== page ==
Jordanian man gets 24 years in Dallas bomb plot

Hosam Smadi receives a reduced sentence after pleading guilty to attempted use of a weapon of mass destruction

Published October 19, 2010 6:26PM (EDT)

A Jordanian man caught in an FBI sting trying to blow up a Dallas skyscraper has been sentenced to 24 years in federal prison.

Hosam Smadi was sentenced Tuesday in federal court in Dallas, just blocks from the 60-story office tower he had targeted. He faced up to life in prison but received a reduced sentence after pleading guilty in May to attempted use of a weapon of mass destruction.

The 20-year-old Smadi will likely be deported after serving his sentence.

Smadi acknowledged leaving what he thought was a truck bomb in a garage beneath the Fountain Place building in September 2009. Smadi said he parked the truck, activated a timer connected to the decoy provided by undercover FBI agents, then rode away to watch the explosion.

THIS IS A BREAKING NEWS UPDATE. Check back soon for further information. AP's earlier story is below.

DALLAS (AP) -- A 20-year-old Jordanian man who tried to bomb a downtown Dallas skyscraper could take the stand Tuesday as a federal judge considers his sentence.

Attorneys for Hosam Smadi said their client may testify during the second day of his sentencing hearing. On Monday, his father testified that Smadi became deeply depressed after his mother's death four years ago, even sleeping by her grave, and doctors provided dueling conclusions of whether Smadi suffered from mental illness.

The hearing at the federal courthouse in Dallas is just blocks away from the 60-story office tower where Smadi parked and tried to detonate what he believed was a truck bomb in September 2009. It was decoy provided by undercover FBI agents.

Smadi pleaded guilty in May to attempted use of a weapon of mass destruction, and acknowledged in plea documents that he tried to carry out the attack. He could face life in prison, but if U.S. District Judge Barbara Lynn accepts the plea deal, Smadi would likely receive a 30-year sentence and then face deportation.

In arguing for a lighter sentence Monday, his public defenders portrayed Smadi as troubled and depressed. They said he exhibited signs of depression and mental illness when his parents separated and suffered a breakdown after his mother died of cancer in 2006.

FBI officials, however, told a different story. After monitoring Smadi for nine months, agents believed he was a committed would-be terrorist determined to connect with al-Qaida or Hamas.

Doctors also offered opposing views. A psychologist testifying for the defense, Xavier Amador, pointed to interviews in which Smadi said he saw a devil in his home who tied his hands and grabbed his mouth. Smadi also told the doctor that he felt certain he helped his dying mother survive a year longer, thoughts Amador said were "delusional and grandiose."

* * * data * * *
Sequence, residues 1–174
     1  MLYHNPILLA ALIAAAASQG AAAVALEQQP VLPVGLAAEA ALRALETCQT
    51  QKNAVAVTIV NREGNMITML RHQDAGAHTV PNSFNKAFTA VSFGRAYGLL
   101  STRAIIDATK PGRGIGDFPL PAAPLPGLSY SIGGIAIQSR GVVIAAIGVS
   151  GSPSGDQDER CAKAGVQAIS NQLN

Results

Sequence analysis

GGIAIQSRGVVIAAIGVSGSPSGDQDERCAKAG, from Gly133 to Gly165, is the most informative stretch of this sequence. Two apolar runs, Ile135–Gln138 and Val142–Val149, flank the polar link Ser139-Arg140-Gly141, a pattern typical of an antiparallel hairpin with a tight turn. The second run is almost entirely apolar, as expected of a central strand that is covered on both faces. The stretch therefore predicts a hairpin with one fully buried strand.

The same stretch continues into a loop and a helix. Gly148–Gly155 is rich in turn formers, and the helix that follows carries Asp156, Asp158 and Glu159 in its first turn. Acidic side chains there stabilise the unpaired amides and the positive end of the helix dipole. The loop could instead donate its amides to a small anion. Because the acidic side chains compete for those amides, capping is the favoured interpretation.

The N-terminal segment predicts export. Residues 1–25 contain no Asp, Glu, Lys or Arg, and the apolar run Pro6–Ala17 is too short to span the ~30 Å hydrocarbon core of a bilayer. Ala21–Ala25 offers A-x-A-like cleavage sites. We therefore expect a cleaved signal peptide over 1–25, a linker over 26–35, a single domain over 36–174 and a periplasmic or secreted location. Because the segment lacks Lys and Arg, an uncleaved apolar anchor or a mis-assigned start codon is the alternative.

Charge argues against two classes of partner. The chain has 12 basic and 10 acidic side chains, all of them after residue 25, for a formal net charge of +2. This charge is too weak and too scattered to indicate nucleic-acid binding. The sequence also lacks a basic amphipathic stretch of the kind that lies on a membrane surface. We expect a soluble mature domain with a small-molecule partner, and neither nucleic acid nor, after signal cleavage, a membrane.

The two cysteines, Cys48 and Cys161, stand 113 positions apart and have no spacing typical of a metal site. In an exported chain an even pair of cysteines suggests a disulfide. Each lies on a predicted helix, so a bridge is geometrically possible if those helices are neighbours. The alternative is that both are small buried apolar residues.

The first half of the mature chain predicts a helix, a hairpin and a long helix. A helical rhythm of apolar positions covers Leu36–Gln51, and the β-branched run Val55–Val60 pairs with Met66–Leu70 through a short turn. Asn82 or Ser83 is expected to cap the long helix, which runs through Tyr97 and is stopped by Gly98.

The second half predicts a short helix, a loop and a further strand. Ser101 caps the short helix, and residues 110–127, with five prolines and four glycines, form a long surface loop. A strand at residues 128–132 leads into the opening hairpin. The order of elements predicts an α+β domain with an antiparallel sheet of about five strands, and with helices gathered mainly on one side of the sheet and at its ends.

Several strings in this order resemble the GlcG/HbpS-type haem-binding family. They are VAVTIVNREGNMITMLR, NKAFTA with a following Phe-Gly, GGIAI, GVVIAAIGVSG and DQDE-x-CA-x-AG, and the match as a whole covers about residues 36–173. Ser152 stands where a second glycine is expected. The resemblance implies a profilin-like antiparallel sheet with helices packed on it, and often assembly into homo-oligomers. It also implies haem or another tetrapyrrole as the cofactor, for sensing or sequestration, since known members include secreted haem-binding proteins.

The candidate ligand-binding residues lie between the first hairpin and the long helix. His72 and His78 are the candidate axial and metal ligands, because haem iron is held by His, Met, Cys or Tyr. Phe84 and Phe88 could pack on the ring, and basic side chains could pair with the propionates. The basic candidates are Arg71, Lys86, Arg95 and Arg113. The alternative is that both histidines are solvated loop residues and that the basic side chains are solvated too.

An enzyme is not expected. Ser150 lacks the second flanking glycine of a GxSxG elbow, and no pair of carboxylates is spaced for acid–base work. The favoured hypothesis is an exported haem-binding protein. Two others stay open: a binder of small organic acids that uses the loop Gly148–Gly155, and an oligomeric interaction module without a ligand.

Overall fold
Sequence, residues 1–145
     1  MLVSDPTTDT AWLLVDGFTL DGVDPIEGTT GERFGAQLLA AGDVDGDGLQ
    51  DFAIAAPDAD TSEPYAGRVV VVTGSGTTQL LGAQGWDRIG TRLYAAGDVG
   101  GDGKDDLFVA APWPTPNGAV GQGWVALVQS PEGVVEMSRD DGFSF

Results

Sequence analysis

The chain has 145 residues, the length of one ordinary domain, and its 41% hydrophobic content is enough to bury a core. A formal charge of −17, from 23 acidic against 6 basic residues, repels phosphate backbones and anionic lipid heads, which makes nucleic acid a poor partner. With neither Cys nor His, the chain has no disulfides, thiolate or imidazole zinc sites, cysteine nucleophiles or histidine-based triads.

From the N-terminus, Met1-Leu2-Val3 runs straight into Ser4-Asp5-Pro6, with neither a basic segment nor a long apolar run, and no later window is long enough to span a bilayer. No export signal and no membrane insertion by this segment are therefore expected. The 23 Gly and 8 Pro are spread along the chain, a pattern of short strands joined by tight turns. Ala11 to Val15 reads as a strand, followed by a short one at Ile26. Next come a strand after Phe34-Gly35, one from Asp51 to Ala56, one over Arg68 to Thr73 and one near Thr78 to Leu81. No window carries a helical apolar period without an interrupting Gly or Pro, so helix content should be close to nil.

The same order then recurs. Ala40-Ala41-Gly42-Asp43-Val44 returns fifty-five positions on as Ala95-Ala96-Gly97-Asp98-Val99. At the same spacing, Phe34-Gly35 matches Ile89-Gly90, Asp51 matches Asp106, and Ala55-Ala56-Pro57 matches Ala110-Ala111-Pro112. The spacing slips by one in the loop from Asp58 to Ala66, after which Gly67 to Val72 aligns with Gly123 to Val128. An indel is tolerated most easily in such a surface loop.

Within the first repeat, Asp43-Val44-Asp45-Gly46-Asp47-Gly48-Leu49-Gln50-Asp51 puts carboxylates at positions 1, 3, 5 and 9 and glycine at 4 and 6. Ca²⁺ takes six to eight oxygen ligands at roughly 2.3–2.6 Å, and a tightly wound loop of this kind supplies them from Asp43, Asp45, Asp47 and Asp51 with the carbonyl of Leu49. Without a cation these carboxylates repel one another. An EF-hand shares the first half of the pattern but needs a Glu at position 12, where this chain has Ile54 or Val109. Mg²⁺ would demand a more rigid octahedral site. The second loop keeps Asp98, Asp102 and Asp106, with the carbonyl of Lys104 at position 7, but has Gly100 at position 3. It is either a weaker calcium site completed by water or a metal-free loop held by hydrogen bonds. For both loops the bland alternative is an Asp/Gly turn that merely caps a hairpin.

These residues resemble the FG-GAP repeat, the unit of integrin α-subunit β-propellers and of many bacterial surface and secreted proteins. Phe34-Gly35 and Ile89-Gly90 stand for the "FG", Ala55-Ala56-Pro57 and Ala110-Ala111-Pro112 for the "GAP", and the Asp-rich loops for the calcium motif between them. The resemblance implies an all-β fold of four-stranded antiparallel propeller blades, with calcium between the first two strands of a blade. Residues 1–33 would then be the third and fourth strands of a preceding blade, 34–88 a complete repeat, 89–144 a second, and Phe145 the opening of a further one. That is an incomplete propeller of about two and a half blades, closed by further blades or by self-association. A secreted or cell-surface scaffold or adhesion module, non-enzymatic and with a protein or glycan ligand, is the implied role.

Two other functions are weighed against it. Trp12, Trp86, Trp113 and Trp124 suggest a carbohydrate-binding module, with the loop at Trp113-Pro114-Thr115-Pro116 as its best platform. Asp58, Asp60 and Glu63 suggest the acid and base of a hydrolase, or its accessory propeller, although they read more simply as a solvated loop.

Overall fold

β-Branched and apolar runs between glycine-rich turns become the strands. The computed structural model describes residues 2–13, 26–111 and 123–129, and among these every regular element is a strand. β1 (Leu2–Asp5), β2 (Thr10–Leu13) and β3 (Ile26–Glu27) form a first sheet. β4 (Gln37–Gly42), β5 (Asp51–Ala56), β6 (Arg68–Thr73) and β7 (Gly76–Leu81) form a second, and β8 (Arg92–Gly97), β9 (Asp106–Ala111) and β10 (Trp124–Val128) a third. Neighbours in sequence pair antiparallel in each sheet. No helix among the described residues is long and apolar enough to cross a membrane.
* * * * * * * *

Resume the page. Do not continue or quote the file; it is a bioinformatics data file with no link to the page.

But prosecutors' psychiatrist, Raymond Patterson, said Smadi "makes up psychiatric symptoms" and seemed to weather the divorce of his parents and death of his mother.

Smadi's relationship with his father was difficult and abusive. His father, Maher Smadi, testified that he often beat his son with his fists and a chain, and once tried to run him down with a car.

The father said he sent Hosam Smadi to the U.S. in March 2007, because their relationship was strained and he wanted the teenager to get an education and "start a new life." Maher Smadi said he visited his son near San Jose, Calif., less than a year later and was upset to find him smoking, drinking and cursing Islam. His son moved to the Dallas area a short time later.

Smadi's father and 12-year-old sister broke into loud sobs when he was led into the courtroom at the start of Monday's hearing wearing an orange prison jumpsuit with his ankles chained together. Smadi was polite, occasionally speaking to the judge.

Mohammad al Zughoul, a former neighbor of the Smadis in Jordan, said in tearful testimony that his neighbors were a happy family until a rumor began circulating that the elder Smadi's wife was involved in an affair with another neighbor. The rumor infuriated Maher Smadi, who acknowledged he began beating his wife and four children.

"Hosam had a lot of suffering," al Zughoul said. "He was taking the responsibility of fighting his father. It destroyed Hosam -- this rumor -- and I know he is still suffering from that."

According to the plea documents, the younger Smadi acknowledged leaving what he thought was a truck bomb in a garage beneath the Fountain Place building in Dallas. Smadi said he parked the truck, started a timer connected to the decoy provided by undercover FBI agents, then rode away to watch the explosion.

Smadi dialed a cell phone number from the roof of a nearby parking garage, where he had planned to watch the explosion. The number was supposed to set off the bomb, but it instead alerted tactical agents hiding in a stairwell, who swarmed the rooftop and arrested Smadi.

Posing as members of an al-Qaida sleeper cell, three undercover FBI employees had monitored Smadi since January 2009. After he shared his plans to blow up the office tower, they helped him secure a truck and fake bomb used to carry out the mission, according to court documents.

FBI agents said they were fortunate to find Smadi -- spewing hatred for America on an extremist website -- before he made contact with a terrorist group.

"Smadi was asked what he would do if he had never met the al-Qaida 'sleeper' cell," said Tom Petrowski, a supervisory special agent with the FBI in Dallas, in an affidavit. "Smadi replied that he would keep looking for such an entity to be a part of, even if it meant him having to leave the United States and go to Palestine and join Hamas or go back to Pakistan and join the Taliban."

By Jeff Carlton

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